CC on YouTube Videos
Now YouTube lets you to upload your videos licensed under Creative Commons. You are also able to use and remix the videos which are licensed under CC to spice up and make your videos more attractive. Just use the YouTube Video Editor to combine, trim, rotate clips and more. Just like for the blogs, licensing your videos under CC will also increase links to your YouTube videos, giving them more views and exposure.
What about you. Do you use Creative Commons work? Have you licensed some of your work under the CC license? Share your thoughts below!
About the Author: Shahzad Saeed is a graduate student and a blogger who shares latest technology tips on his blog TechandProject.com . He also gives tips for participating in various project programs for students.
Related ArticlesPlease install the YARPP plugin
10 Responses to “Creative Commons for Bloggers- Explained”
Thank you, Shahzad, for this really good explanation on Creative Commons. I seem to understand a bit more about it now, but the the whole concept still eludes me, really. I so want to be positive about the concept, but just can’t see what it may be good for. Doesn’t look as if one can make money with it, or yes? Or just to see one’s name in the attribution? Or backlinking? No idea, but I’ll be back to see if there might be another blog post from you on the subject soon! 🙂
Flickr is a such a confusion when it comes to (cc) licenses. They now have added the Getty Images links to (all? I don’t know) the pictures even if they are (cc) which it makes it really difficult to understand their licensing.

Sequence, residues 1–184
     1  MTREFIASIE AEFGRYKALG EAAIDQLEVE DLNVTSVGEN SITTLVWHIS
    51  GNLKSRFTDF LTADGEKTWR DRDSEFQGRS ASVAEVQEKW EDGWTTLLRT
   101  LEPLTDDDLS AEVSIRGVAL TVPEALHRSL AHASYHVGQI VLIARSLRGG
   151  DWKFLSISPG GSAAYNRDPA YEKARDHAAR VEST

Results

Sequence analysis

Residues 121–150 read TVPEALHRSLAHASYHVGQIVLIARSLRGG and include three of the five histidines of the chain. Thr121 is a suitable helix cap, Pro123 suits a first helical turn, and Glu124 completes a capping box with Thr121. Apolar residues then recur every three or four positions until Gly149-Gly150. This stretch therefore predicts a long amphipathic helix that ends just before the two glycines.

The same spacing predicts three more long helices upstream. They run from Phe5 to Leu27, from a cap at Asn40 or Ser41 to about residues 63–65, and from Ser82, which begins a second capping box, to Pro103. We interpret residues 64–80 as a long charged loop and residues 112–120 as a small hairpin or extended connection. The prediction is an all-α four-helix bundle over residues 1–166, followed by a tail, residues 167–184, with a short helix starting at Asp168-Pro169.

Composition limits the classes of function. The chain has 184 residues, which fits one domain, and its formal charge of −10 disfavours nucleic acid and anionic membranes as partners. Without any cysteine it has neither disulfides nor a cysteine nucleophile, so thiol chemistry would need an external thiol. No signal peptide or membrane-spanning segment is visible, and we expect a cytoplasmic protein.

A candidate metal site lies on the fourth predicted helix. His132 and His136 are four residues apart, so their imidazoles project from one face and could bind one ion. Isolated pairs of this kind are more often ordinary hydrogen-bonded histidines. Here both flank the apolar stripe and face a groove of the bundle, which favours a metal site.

That’s why i wrote the article!!!
Mir Imran Elahi
Nice information.Thanks for sharing.
This information in really helpful for newbie blogger those sipmply search images from google and use to their blog . Thanks for describe more about creative common license
Hey! Nice information, just wanted to discuss a thing about Attribution. Authors can specify that the work can be copied if credit should be given to the author like linking to the original article.
You might have seen business insider does the same thingâ€¦ they copy the original content and put it on their blog with the link to the original source. The problem was at search engineâ€¦ in SERPs Google rank Business insider heir then than the original content (itâ€™s fixed now but it was there a month back)
This can happen with others tooâ€¦ I guess the best idea is to use cross domain canonical to reduce this issue in search engine.
I came across a blog recently where the owner has just released all of his content for the readers to use in any way they choose. While this is very generous – and the content is great – it is not overly helpful.
As you point out, it does not make much sense to have two copies of something anywhere on the internet. Google hates that. I suppose this blogger has been very clever. His content will get spread far and wide and the users will need to link back to him and his site to keep within Google rules.
Not a bad idea – might use it myself!
I think most bloggers are not even aware of this. To be honest, for 3 years, I have been just fetching image from Google Image search without really understanding and realizing that it can be put me in trouble.
Now what I do is I switch the default search in my Firefox to creative commons when I’m searching for things like images that I want to put in my blog.
Thanks for this valuable information. It’s important to know about copyright laws and how to ‘source’ information on a blog post. I look at it the same way I would ‘source’ information in a research paper. I need to show pertinent information like author, title, etc. It’s important to give credit.
Quite informative, thanks for sharing. Interesting point about youtube video exposure
Comments are closed.